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Death of the Solo Practitioner Almost Complete


The demise of the solo physician is official as a new survey reveals just how few recruiting assignments there were for solo practitioners last year.

The demise of the solo physician is official, according to Merritt Hawkins. A new survey revealed that only 1% of recruiting assignments was for solo practitioners.

The physician search and consulting firm tracked 2,710 physician recruiting assignments from April 1, 2011 to March 23, 2012. The small percentage of searches for solo physicians is a huge drop from less than a decade ago. In 2004, 22% of recruiting assignments were for solo practitioners.

“Nobody wants to be Marcus Welby anymore, practicing alone or with a partner, and fewer hospitals are seeking solo doctors for their communities,” James Merritt, founder of Merritt Hawkins, said in a statement. “To incorporate required technology, comply with regulations and participate in new delivery models like Accountable Care Organizations, physicians today almost have to be part of larger practices or be employed by hospitals.”

While employment of solo practitioners died a quick death since 2004, hospital employed physicians saw rapid growth during that time. The survey showed that 63% of assignments featured hospital employment of the physician, compared to only 11% in 2004. Merritt is forecasting that more than 75% of newly hired physicians will be hospital employees by 2014.

“The tide is turning, but increasing the volume of services they provide remains the most practical way for physicians to increase their incomes,” Merritt observes.

And the most requested physicians were primary care, according to the survey. Family physicians and general internists were the two most requested physician search assignments by hospitals, medical groups and other health care organizations.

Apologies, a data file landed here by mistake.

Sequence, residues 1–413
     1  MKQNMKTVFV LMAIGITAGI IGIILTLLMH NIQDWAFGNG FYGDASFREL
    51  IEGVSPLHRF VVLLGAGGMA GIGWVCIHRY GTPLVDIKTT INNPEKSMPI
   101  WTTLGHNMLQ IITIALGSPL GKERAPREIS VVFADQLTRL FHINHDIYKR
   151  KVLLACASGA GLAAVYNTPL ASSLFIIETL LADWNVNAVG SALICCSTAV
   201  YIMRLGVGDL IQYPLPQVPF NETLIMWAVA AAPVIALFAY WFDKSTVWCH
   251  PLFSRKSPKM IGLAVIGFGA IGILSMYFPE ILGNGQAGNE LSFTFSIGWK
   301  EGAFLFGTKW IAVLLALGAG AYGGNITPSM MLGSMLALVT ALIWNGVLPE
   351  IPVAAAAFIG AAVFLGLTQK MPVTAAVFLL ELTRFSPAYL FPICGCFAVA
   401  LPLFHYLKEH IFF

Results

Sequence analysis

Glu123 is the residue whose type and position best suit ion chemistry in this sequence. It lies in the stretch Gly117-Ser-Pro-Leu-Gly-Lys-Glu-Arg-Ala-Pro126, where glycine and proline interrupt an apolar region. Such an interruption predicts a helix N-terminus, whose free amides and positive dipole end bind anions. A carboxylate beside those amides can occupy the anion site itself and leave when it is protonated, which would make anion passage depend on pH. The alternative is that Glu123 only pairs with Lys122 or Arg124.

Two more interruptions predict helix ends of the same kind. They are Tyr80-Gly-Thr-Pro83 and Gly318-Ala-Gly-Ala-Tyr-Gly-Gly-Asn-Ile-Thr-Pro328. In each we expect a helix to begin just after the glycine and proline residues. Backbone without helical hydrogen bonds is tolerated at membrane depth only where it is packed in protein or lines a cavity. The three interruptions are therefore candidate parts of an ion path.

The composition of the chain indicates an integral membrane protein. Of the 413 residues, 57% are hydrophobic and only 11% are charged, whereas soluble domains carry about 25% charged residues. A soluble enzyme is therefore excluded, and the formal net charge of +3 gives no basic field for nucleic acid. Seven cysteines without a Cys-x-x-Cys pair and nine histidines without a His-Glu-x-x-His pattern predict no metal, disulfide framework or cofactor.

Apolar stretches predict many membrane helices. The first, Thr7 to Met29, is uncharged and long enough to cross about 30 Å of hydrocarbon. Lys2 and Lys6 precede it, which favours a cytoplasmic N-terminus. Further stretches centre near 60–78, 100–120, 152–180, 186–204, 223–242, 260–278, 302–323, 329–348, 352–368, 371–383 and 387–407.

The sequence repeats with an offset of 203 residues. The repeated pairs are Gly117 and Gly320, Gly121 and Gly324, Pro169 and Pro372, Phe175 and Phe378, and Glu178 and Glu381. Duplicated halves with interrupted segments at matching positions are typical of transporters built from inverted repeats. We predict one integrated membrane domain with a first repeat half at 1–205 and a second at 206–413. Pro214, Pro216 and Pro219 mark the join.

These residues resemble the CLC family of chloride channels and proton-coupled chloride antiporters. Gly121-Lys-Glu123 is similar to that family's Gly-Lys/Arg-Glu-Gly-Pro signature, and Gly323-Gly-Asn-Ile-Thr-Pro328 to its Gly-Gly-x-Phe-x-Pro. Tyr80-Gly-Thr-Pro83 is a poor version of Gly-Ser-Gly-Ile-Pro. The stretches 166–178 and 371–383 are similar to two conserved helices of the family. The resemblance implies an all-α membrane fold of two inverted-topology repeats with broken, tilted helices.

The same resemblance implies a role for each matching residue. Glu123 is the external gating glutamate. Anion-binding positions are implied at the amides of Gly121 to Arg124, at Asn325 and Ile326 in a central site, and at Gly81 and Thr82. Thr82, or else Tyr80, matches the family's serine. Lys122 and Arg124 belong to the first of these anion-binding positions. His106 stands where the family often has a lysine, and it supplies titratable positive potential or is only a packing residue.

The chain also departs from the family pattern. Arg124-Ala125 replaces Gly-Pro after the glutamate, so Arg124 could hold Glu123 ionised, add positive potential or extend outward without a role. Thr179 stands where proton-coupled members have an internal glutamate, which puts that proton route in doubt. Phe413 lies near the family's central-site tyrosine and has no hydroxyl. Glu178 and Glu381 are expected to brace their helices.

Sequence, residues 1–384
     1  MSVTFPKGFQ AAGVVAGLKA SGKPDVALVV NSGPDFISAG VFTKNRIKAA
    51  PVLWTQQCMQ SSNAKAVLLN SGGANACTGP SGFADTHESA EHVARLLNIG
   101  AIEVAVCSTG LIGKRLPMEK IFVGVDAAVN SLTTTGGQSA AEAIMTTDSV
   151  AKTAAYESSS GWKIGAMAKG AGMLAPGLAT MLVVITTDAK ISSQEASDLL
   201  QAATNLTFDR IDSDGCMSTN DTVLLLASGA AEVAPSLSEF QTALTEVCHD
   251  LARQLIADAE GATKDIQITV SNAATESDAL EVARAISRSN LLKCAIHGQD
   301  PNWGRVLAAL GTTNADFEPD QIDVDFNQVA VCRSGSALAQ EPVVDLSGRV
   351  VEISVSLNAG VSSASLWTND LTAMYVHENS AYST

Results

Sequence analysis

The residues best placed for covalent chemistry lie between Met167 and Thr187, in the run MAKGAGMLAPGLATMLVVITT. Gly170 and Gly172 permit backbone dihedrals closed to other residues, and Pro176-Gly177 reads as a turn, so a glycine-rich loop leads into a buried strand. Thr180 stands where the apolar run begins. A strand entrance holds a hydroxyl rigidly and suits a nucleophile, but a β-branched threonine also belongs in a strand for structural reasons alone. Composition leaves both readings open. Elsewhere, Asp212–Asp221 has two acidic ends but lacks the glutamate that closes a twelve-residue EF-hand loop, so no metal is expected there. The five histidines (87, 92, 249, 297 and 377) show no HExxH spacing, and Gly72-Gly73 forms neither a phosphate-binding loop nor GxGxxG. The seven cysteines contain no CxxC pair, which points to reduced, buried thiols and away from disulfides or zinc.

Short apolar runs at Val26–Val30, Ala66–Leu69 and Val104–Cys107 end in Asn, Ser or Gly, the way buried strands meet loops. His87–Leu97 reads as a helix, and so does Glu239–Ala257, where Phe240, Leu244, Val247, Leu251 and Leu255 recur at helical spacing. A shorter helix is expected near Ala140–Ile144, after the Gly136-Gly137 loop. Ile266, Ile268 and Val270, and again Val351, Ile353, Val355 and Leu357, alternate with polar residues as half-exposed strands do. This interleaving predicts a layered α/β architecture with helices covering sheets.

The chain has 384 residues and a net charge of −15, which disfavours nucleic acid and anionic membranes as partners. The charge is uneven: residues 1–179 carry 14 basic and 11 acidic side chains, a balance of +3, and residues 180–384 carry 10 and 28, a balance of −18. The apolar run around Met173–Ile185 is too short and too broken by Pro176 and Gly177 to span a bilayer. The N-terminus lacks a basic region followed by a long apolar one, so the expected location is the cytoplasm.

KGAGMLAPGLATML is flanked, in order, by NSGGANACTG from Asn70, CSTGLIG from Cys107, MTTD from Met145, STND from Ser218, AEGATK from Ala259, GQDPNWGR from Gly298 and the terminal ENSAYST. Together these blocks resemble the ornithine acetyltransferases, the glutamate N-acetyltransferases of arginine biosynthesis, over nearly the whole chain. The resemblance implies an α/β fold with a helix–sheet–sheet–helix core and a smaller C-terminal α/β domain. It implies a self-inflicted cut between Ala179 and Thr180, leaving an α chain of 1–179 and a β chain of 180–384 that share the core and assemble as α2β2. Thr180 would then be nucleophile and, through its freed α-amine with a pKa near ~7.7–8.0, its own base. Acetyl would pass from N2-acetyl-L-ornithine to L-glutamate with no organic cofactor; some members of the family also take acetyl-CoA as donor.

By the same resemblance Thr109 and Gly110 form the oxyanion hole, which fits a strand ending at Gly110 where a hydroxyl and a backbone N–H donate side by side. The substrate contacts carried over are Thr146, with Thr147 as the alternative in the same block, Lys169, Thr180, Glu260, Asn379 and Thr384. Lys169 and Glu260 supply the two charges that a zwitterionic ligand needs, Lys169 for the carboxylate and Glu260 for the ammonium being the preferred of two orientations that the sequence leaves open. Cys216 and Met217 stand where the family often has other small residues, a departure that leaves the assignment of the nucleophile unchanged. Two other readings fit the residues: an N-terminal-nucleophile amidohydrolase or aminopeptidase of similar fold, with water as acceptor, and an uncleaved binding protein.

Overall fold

Demand for both radiologists and anesthesiologists decreased, however. This is a sharp drop for anesthesiology. In 2003, the specialty was among the top four most searched for and yet in the most recent survey, radiology wasn’t even in the top 20.

According to Merritt Hawkins, there was only a slight increase in the number of recruiting assignment compared to the previous year. After the Affordable Care Act was made law in 2010, physician recruitment slowed as hospitals and other facilities evaluated the implications of health care reform.

“With the Supreme Court’s recent decision on health care reform, the trajectory of the health care system seems clear,” according to the review. “Physicians and hospitals are moving toward integrated models featuring care coordination and pay-for-performance. This market clarity should create forward momentum for a wide range of health facility initiatives, including physician recruitment, which can be a key part of the integration process.”

Read more:

Primary Care Pay Bump

Health Job Growth Slows; Doc Offices Shed Jobs

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